Michael of Synnada

From Wikipedia, the free encyclopedia
Jump to: navigation, search

Michael of Synnada (Michael the Confessor) (died 818) was a bishop of Synnada from 784.[1] He represented Byzantium in diplomatic missions to Harun al-Rashid and Charlemagne. He was exiled by Emperor Leo V the Armenian because of his opposition to iconoclasm. Honored by the Orthodox and Roman Catholic churches, his feast day is May 23.

Life[edit]

Michael was much influenced by Patriarch Tarasios of Constantinople, who sent him to a monastery on the coast of the Black Sea. An associate of Saint Theophylact of Nicomedia, once during a harvest in a time of drought, they caused rainfall through their prayers.[2]

Patriarch Tarasius consecrated Michael Bishop of the city of Synnada. He was present at the Seventh Ecumenical Council at Nicea in 787.[2] At the request of the Emperor, he visited Caliph Harun al-Rashid to conduct peace negotiations.[3] He also carried out diplomatic missions for Byzantium at the court of Charlemagne.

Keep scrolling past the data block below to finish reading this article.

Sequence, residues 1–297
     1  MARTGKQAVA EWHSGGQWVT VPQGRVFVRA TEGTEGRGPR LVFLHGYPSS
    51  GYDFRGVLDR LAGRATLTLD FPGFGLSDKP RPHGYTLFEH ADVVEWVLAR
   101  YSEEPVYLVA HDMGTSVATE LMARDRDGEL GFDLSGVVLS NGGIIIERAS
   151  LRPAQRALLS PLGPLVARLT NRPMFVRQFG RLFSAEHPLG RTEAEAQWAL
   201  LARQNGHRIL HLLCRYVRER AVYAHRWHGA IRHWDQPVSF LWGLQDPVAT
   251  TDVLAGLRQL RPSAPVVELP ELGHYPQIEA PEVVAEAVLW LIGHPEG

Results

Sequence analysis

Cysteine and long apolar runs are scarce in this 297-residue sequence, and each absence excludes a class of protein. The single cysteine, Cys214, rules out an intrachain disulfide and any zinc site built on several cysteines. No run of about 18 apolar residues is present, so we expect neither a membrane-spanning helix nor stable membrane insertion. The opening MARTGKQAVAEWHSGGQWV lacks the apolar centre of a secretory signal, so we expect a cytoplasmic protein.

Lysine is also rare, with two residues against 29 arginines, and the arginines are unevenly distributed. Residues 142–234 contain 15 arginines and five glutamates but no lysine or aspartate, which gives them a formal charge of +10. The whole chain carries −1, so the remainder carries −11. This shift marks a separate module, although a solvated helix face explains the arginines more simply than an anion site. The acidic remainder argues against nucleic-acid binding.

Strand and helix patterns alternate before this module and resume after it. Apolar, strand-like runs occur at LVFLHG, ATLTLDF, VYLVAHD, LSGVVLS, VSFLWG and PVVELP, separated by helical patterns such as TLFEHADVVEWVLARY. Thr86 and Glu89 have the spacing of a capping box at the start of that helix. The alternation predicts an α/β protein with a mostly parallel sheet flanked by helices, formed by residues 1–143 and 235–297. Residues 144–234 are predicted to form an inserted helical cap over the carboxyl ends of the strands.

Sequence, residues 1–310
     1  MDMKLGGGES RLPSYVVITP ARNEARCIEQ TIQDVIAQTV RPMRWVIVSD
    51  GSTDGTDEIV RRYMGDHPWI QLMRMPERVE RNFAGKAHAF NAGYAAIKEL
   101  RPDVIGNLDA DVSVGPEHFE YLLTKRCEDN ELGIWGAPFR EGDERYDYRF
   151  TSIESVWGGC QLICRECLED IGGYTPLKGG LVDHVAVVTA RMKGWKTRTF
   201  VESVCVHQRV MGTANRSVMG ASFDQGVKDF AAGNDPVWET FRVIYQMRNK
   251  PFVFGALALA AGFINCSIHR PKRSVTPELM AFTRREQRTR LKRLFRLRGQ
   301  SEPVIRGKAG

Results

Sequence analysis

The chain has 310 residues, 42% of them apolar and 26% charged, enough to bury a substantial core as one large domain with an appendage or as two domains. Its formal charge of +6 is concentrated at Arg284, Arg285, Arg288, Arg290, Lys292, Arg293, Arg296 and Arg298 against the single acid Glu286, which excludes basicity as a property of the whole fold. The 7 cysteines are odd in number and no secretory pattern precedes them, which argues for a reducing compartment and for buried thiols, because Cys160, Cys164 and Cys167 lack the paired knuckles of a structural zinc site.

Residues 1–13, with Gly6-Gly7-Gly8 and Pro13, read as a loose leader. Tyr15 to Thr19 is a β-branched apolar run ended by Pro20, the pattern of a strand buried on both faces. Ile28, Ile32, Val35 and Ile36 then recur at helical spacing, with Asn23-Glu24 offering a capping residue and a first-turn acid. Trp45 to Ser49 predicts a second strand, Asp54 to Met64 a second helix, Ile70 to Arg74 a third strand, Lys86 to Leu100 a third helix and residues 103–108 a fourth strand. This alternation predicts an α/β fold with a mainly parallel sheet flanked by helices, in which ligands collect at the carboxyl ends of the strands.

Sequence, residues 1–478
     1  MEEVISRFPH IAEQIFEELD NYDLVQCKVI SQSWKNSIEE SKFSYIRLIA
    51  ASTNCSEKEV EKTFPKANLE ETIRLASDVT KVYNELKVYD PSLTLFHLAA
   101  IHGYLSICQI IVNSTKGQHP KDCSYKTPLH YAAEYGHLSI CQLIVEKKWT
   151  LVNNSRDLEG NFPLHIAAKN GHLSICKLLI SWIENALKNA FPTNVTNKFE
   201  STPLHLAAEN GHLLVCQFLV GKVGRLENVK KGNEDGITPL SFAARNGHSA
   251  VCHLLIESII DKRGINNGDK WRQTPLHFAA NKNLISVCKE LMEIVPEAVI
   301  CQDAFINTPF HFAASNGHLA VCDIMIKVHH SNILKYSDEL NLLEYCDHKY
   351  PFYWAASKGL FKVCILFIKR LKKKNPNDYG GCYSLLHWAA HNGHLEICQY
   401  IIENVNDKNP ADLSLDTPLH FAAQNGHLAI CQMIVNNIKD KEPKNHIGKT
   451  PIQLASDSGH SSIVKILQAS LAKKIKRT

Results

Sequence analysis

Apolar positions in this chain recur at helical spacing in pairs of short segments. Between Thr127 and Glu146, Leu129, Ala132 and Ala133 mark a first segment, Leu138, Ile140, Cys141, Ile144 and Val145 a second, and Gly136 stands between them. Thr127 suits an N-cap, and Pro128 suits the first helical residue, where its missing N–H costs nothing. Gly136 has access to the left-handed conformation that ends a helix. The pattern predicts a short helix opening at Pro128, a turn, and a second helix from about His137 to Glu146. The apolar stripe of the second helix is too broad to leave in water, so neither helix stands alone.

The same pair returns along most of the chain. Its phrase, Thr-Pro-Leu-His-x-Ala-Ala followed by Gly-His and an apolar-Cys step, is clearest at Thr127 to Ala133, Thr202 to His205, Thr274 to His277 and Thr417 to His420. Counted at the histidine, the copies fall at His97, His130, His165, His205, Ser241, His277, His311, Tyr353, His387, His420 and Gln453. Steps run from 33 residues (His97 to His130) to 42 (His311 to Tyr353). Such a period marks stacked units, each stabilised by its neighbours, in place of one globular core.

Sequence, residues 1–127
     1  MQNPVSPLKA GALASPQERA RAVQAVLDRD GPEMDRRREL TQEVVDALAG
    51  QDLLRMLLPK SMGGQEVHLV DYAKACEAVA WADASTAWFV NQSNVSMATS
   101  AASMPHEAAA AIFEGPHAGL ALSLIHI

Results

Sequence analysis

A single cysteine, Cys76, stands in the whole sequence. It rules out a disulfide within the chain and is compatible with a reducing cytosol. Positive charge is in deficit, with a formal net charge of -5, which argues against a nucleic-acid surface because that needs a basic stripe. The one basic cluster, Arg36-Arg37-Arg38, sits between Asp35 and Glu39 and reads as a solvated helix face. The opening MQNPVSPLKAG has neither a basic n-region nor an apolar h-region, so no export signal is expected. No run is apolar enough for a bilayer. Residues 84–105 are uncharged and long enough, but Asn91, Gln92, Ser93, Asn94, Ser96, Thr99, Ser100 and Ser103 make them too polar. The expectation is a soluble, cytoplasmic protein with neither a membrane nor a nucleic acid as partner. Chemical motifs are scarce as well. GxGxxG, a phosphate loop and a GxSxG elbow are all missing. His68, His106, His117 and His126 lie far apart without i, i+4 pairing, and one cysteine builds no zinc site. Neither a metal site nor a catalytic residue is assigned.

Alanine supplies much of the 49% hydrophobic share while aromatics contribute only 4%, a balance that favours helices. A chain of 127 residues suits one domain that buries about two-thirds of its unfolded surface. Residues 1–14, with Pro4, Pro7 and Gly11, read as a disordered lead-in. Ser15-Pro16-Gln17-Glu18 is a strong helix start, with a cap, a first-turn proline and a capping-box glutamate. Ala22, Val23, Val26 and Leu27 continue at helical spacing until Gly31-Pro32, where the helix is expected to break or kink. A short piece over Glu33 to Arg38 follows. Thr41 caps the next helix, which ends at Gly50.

He clashed with the Emperor Leo the Armenian over Leo's policy of iconoclasm, and was exiled,[2] where he died on 23 May, 826,[4] in want and poverty, faithful to Orthodoxy to the end.[3]

He died in 818.[3]

Veneration[edit]

He is an Orthodox and Roman Catholic[5] saint. His feast day is celebrated on May 23.[2] He is invoked for protection of crops from pests. [6]

St. Michael is depicted with St. Athanasius in the Icon of the Mother of God “Economissa”.[7]

References[edit]